INS stops international child smuggling ring

WASHINGTON – A discovery of four lonely children in a Latin American country helped Im-migration and Naturalization Service agents uncover the largest international child smuggling ring they have ever found, officials said Monday.

After interviewing the children, following other leads and sharing that information with other governments, Guatemalan authorities stopped seven buses last April, finding 53 children between the ages of 2 and 17.

That ended a ring that had smuggled hundreds of children into the United States from Guatemala, El Salvador and Honduras since 1994, agency officials said. The ring primarily brought children to the United States whose parents were already here, many of them illegally, officials said.

The investigation began when agents found the four children late last fall. INS officials declined to give more information, citing an ongoing investigation.

”It’s very uncommon to find small children unaccompanied, with no ties, not knowing where they were going,” said Johnny Williams, head of field operations for the INS.

INS special agents from Los Angeles and Washington arrested three alleged ring members – Ana Karina Cruz Rivas, Juan Orlando Servellon DeLeon and Andrea Giron – in Houston last Friday. INS agents arrested alleged ringleader Berta Campos in Los Angeles last month and Guillermo Antonio Paniaqua in Houston in June.

All are charged with conspiracy to commit alien smuggling, the INS said. The charges carry a penalty of 10 years in prison and/or a $250,000 fine, officials said.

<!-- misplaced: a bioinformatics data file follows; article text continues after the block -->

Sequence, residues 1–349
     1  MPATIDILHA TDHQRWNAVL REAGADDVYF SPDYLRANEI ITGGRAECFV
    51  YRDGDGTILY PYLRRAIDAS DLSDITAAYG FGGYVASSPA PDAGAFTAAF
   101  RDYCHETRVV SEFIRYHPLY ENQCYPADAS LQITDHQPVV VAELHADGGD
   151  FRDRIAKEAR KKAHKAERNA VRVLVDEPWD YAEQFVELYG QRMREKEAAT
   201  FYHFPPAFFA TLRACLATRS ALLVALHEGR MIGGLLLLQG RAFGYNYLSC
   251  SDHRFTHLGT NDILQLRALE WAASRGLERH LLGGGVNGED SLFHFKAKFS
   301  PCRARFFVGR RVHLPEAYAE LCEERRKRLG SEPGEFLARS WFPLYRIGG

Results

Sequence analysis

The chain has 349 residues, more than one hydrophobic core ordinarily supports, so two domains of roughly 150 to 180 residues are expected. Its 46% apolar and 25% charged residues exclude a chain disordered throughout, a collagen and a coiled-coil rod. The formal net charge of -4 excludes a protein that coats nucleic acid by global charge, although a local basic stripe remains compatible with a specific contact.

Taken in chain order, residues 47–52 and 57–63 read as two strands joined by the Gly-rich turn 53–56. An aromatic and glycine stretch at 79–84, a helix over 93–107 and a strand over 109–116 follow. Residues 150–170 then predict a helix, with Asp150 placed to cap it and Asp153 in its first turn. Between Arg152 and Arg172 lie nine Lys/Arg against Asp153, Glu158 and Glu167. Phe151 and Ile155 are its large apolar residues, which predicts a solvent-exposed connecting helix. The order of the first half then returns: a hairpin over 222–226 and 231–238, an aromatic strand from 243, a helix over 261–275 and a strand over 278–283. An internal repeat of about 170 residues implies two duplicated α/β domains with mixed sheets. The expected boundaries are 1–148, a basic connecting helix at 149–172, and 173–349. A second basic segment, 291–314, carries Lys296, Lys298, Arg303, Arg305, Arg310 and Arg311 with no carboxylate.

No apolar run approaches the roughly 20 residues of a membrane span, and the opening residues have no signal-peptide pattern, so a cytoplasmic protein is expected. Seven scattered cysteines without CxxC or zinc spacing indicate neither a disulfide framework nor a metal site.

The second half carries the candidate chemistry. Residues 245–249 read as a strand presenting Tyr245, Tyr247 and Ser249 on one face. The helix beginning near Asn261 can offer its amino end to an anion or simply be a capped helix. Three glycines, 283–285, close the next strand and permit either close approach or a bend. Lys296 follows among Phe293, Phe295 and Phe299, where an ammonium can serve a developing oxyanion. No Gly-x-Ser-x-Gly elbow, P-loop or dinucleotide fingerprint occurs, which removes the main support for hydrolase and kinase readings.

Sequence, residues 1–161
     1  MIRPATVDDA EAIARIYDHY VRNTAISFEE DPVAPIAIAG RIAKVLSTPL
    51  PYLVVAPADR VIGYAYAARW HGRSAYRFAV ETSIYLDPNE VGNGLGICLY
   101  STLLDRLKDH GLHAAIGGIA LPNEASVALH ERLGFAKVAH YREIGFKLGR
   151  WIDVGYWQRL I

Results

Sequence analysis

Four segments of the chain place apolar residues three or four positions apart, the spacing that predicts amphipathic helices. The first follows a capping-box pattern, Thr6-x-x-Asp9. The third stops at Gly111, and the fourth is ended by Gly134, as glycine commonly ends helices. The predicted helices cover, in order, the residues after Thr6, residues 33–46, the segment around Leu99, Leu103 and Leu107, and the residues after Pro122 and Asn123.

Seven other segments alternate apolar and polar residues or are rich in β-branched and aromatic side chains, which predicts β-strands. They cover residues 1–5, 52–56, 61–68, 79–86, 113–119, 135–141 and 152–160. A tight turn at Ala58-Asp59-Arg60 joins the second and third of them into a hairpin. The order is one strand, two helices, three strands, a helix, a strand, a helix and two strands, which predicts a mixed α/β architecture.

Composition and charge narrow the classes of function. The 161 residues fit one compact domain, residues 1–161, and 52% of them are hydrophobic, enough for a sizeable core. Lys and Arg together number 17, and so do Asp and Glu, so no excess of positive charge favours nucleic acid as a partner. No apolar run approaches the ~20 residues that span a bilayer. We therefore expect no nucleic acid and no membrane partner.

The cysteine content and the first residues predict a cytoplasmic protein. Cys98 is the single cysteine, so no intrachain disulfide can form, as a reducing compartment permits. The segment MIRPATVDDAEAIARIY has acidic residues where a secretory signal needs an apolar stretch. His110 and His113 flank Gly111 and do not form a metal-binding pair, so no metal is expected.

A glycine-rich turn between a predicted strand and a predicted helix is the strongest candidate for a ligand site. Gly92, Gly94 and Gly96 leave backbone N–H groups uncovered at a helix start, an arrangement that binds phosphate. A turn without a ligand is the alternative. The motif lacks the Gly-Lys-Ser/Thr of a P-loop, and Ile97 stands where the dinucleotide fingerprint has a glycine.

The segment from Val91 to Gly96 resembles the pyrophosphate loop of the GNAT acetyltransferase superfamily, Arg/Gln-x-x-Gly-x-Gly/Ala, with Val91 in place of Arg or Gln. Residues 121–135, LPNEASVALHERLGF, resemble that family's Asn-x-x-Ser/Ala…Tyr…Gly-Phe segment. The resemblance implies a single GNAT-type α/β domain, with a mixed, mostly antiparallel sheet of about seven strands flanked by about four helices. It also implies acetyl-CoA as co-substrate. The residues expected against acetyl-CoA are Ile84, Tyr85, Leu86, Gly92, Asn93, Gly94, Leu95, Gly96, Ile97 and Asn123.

INS officials said the ring would take children from their native countries, bring them to Mexico and then smuggle them into the United States. All the children passed through Los Angeles before going to different parts of the country, Williams said.

”There’s nothing more vulnerable than a 5-year-old child who has no idea of where he’s going, who is being taken care of – or not – by strangers,” said Hipolito Acosta, who directed INS’ Mexico City office during the investigation and now heads the agency’s Houston office.

Parents paid smugglers $5,000 per child, from infants to teen-agers. They crowded into hotel lobbies to sleep, and the youngest were known to cry all night because they weren’t fed enough, officials said.

”It was a mean-spirited criminal enterprise, driven by greed and criminal profit,” Williams said. ”When I hear about children crying throughout the night, I know it wasn’t a pleasurable trip.”

Campos and Paniaqua have been sent to Washington to face charges. The three people arrested last week in Houston will have preliminary hearings in Houston and will be tried in Washington.

The INS will review each child’s case individually to see which ones will be allowed to stay in the United States, Williams said. If their parents are undocumented aliens, they could face deportation, Williams said.

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